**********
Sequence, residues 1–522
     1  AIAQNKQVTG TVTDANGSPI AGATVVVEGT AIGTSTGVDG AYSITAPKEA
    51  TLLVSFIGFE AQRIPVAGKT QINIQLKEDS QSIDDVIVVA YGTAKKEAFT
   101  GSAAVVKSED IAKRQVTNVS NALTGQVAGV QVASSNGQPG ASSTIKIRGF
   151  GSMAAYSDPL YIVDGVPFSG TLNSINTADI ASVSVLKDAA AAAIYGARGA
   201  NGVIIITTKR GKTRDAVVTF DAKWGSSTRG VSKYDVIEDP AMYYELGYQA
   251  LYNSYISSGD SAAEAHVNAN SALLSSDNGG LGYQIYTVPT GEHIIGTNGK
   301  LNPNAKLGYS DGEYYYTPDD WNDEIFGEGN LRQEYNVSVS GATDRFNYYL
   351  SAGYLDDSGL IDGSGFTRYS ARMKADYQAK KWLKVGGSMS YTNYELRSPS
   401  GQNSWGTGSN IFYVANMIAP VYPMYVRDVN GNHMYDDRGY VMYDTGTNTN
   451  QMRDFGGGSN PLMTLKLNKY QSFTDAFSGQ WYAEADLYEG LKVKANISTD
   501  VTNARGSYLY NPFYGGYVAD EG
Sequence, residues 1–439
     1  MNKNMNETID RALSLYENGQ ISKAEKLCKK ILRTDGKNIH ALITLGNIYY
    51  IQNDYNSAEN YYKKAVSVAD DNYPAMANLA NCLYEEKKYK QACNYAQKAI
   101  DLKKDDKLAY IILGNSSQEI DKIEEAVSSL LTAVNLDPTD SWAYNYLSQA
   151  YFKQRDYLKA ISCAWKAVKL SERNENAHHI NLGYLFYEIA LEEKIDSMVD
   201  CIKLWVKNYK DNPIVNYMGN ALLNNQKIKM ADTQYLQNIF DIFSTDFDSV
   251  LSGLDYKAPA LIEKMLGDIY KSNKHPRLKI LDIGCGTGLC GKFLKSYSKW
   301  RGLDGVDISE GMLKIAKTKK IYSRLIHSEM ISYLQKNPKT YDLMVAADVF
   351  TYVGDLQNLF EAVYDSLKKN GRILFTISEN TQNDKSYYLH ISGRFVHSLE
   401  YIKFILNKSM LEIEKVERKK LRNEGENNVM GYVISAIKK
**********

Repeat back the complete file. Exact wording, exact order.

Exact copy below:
Sequence, residues 1–522
     1  AIAQNKQVTG TVTDANGSPI AGATVVVEGT AIGTSTGVDG AYSITAPKEA
    51  TLLVSFIGFE AQRIPVAGKT QINIQLKEDS QSIDDVIVVA YGTAKKEAFT
   101  GSAAVVKSED IAKRQVTNVS NALTGQVAGV QVASSNGQPG ASSTIKIRGF
   151  GSMAAYSDPL YIVDGVPFSG TLNSINTADI ASVSVLKDAA AAAIYGARGA
   201  NGVIIITTKR GKTRDAVVTF DAKWGSSTRG VSKYDVIEDP AMYYELGYQA
   251  LYNSYISSGD SAAEAHVNAN SALLSSDNGG LGYQIYTVPT GEHIIGTNGK
   301  LNPNAKLGYS DGEYYYTPDD WNDEIFGEGN LRQEYNVSVS GATDRFNYYL
   351  SAGYLDDSGL IDGSGFTRYS ARMKADYQAK KWLKVGGSMS YTNYELRSPS
   401  GQNSWGTGSN IFYVANMIAP VYPMYVRDVN GNHMYDDRGY VMYDTGTNTN
   451  QMRDFGGGSN PLMTLKLNKY QSFTDAFSGQ WYAEADLYEG LKVKANISTD
   501  VTNARGSYLY NPFYGGYVAD EG
Sequence, residues 1–439
     1  MNKNMNETID RALSLYENGQ ISKAEKLCKK ILRTDGKNIH ALITLGNIYY
    51  IQNDYNSAEN YYKKAVSVAD DNYPAMANLA NCLYEEKKYK QACNYAQKAI
   101  DLKKDDKLAY IILGNSSQEI DKIEEAVSSL LTAVNLDPTD SWAYNYLSQA
   151  YFKQRDYLKA ISCAWKAVKL SERNENAHHI NLGYLFYEIA LEEKIDSMVD
   201  CIKLWVKNYK DNPIVNYMGN ALLNNQKIKM ADTQYLQNIF DIFSTDFDSV
   251  LSGLDYKAPA LIEKMLGDIY KSNKHPRLKI LDIGCGTGLC GKFLKSYSKW
   301  RGLDGVDISE GMLKIAKTKK IYSRLIHSEM ISYLQKNPKT YDLMVAADVF
   351  TYVGDLQNLF EAVYDSLKKN GRILFTISEN TQNDKSYYLH ISGRFVHSLE
   401  YIKFILNKSM LEIEKVERKK LRNEGENNVM GYVISAIKK